Chinese giant pandas arrive in Edinburgh
Panda lovers in the UK have been waiting for the arrival of "Tian tian" and "Yang guang", Edinburgh zoo's newest tenants. The giant bears left Chengdu in Sichuan early Sunday morning and will touchdown in Scotland later in the evening Beijing time.
Both pandas headed West Sunday morning in a private Boeing 777.
The "FedEx Panda Express" waited for its two first class passengers who were busying chewing before departure.
Chinese giant pandas arrive in Edinburgh. [Photo/Xinhua]
"Tian tian" and "Yang guang" are the first pandas to arrive in the UK in 17 years, creating a lot of hype. As preparations continue in Edinburough, some worry the bears may be overwhelmed by fans’ enthusiasm.
Hugh Roberts, chief executive from Edinburgh Zoo, said: "We have had a tremendous response. Our website has been inundated with people who want to know about pandas.when they can come here. Our booking lines have been inundated."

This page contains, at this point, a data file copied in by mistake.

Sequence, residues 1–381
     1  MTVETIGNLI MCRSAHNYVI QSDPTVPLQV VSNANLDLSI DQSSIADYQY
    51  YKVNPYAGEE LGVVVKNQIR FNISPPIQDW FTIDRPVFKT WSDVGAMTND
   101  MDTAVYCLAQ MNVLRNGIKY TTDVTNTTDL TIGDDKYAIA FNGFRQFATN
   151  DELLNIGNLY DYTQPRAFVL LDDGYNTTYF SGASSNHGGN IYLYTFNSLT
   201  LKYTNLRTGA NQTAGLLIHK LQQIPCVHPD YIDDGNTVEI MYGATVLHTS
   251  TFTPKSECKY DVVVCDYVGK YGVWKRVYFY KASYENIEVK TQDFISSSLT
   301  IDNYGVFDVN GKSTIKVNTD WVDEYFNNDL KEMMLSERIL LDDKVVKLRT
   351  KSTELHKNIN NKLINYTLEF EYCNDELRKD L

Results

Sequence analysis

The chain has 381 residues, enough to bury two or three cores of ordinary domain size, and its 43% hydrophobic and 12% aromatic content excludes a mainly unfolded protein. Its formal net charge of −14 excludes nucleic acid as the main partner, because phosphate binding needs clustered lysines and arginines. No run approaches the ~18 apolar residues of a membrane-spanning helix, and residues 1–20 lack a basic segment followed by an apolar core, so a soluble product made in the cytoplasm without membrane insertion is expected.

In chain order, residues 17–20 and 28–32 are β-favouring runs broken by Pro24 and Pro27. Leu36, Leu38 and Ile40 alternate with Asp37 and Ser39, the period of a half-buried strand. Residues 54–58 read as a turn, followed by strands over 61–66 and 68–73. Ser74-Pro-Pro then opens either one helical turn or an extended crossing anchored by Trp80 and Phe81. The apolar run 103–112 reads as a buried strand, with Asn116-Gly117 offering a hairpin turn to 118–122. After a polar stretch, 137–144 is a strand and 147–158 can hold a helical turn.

Someone said: "I'm a very big fan of pandas. And we're all really excited that they're coming because they're so special."
The eight-year-old couple "Tian tian" and "Yang guang" were born in 2003 in the China Conservation and Research Center for the Giant Panda in Sichuan province. Their arrival in the UK is part of a 10-year China-UK joint research program studying how human-bred pandas can survive in the wild. Mother to be,"Tian tian", is expected to give birth during their decade overseas.
Xie Hao, care taker of China Conservation and Research Center for Giant Panda said: "The boy Yang guang is very gentle, so much that when he was a little cub, he was sometimes bullied by other pandas. He is a big softy. However, he loves humans. He often approaches visitors and is loved by people. But the girl 'Tian tian' is shy and timid, especially to strangers. It may take her longer to get used to their new home in the UK."
The pandas will live separately in enclosures, each worth nearly 2.5 million yuan RMB, or 250,000 pounds sterling. Both have a pond, a cave and climbing structures made from tree trunks. Posters have already been hung and cameras set up as the UK waits for the pandas arrival to their new home.